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2011. a Year in the Struggle for Freedom in Swaziland - Rooney

2011. a Year in the Struggle for Freedom in Swaziland - Rooney

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Published by Swazi Media
The end of the beginning? 2011, a year in the struggle for freedom in Swaziland, by Richard Rooney of Swazi Media Commentary

Tuesday April 12 2011 may yet go down in history as a watershed in the struggle for freedom in Swaziland. To borrow the words of Winston Churchill, it might not have been the day that the struggle for freedom in Swaziland ended in victory for the people. It might not even have been the beginning of the end. But it was, perhaps, the end of the beginning. After this day things would never be quite the same again in Swaziland.

It was on April 12 that Swaziland saw its biggest demonstration in living memory. It was to be the start of three days of protests across the tiny kingdom in southern Africa. Ordinary Swazis were fed up with the regime of King Mswati III, sub-Saharan Africa’s last absolute monarch. They’d had enough of being denied their basic human and civil rights and were ready to fight for their freedom. They wanted an end to the corruption of the King and the governments he appoints. They wanted the freedom to meet, to demonstrate, to form political parties and to choose their own government – all things denied to them by the King.

A group of people, unaffiliated with any of the existing political parties or lobby groups, created a Facebook site and called it the April 12 Swazi Uprising. April 12 was the day in 1973 that King Sobhuza II, the father of the present King, tore up the country’s constitution and began to rule by decree. Despite the signing into law of a new constitution in 2006, people in the kingdom still live under the yoke of that decree.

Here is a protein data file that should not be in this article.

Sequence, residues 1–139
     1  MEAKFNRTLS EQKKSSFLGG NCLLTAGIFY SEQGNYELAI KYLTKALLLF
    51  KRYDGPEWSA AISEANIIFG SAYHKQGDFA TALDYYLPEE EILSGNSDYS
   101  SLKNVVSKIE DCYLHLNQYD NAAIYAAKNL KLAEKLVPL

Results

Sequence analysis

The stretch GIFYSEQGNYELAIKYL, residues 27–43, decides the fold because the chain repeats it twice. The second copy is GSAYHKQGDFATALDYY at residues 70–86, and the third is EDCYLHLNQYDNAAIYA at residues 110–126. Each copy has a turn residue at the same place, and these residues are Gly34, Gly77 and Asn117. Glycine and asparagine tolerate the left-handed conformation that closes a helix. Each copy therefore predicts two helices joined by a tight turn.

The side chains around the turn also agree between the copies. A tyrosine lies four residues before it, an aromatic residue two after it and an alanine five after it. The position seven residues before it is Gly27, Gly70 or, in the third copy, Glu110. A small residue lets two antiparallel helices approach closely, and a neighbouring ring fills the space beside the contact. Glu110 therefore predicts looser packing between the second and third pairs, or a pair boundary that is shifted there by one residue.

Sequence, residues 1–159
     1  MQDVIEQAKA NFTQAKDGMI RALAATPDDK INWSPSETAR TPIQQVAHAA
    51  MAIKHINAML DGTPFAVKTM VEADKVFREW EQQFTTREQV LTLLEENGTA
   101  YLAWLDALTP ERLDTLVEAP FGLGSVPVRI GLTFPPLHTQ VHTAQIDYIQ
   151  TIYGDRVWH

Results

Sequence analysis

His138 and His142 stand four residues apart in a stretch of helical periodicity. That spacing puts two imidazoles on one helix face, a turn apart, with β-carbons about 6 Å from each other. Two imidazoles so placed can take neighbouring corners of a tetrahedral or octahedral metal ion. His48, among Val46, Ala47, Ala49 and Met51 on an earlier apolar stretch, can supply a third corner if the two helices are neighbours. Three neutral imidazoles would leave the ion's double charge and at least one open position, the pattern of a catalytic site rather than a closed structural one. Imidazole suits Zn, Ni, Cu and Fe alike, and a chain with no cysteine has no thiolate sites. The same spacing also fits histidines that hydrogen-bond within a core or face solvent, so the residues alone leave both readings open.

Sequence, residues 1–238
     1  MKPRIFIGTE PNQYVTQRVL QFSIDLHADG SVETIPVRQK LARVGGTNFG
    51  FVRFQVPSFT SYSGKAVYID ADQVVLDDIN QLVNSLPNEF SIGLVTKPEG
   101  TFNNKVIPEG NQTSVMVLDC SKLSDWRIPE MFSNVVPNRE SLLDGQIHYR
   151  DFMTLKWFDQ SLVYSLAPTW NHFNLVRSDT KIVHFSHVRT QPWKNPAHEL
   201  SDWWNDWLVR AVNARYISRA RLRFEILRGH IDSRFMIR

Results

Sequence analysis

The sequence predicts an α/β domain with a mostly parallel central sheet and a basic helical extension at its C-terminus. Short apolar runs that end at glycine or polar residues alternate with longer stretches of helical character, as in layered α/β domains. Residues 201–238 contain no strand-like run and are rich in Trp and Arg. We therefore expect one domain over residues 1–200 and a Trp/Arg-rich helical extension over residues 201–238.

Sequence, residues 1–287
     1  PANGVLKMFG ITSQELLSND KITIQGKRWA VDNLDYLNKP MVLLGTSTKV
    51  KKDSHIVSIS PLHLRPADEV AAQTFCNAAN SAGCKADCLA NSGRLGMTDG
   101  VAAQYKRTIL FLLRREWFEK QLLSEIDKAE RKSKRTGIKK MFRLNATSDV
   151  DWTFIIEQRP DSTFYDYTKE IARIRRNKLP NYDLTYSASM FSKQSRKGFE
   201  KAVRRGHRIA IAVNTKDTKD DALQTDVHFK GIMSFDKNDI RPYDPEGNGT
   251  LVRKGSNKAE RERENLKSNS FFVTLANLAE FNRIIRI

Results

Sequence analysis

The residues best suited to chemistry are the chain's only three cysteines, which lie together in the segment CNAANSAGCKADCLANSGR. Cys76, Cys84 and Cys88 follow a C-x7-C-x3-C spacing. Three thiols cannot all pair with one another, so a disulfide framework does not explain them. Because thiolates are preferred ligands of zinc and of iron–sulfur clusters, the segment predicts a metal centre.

The April 12 group caught attention in Swaziland and across the globe. It called for an uprising to start on April 12 2011 and soon prodemocracy activists, trade unionists, journalists and progressives from all over the world were watching the kingdom.

Swaziland had seen many street protests before, but this one was to be different. This was meant to be the beginning of the end.

This one was also to be the first to be played out on the Internet. Members of the April 12 group claimed they were a real on-the-ground organisation with at least three full time organisers. Perhaps they were, but mostly their battle was fought in cyberspace using social networks such as Facebook, Twitter and blogsites.

The Uprising was brutally put down by police, but the struggle for democracy in Swaziland continues. This book looks at what happened in 2011. It is compiled from the pages of Swazi Media Commentary, the blog that contains information and comment on the fight for human rights in Swaziland.

As well as the events of April 12, the book covers in much detail the massive meltdown of the Swazi economy, caused by the governments handpicked over the years by King Mswati; and also caused in no small part by the greed and corruption of the King himself and his close supporters.

The economic meltdown has sensitised many people in Swaziland to the need for root and branch political reform in the kingdom.

This book starts with a section on the April 12 Uprising which is followed by the account of the economy. There then follows separate chapters looking at events in each month of 2011. These events include many protests, including the Global Week of Action held in September. They also highlight the numerous violations of rights suffered by the poor, by children, by women and by sexual minorities, among others, in the kingdom.
The end of the beginning? 2011, a year in the struggle for freedom in Swaziland, by Richard Rooney of Swazi Media Commentary

Tuesday April 12 2011 may yet go down in history as a watershed in the struggle for freedom in Swaziland. To borrow the words of Winston Churchill, it might not have been the day that the struggle for freedom in Swaziland ended in victory for the people. It might not even have been the beginning of the end. But it was, perhaps, the end of the beginning. After this day things would never be quite the same again in Swaziland.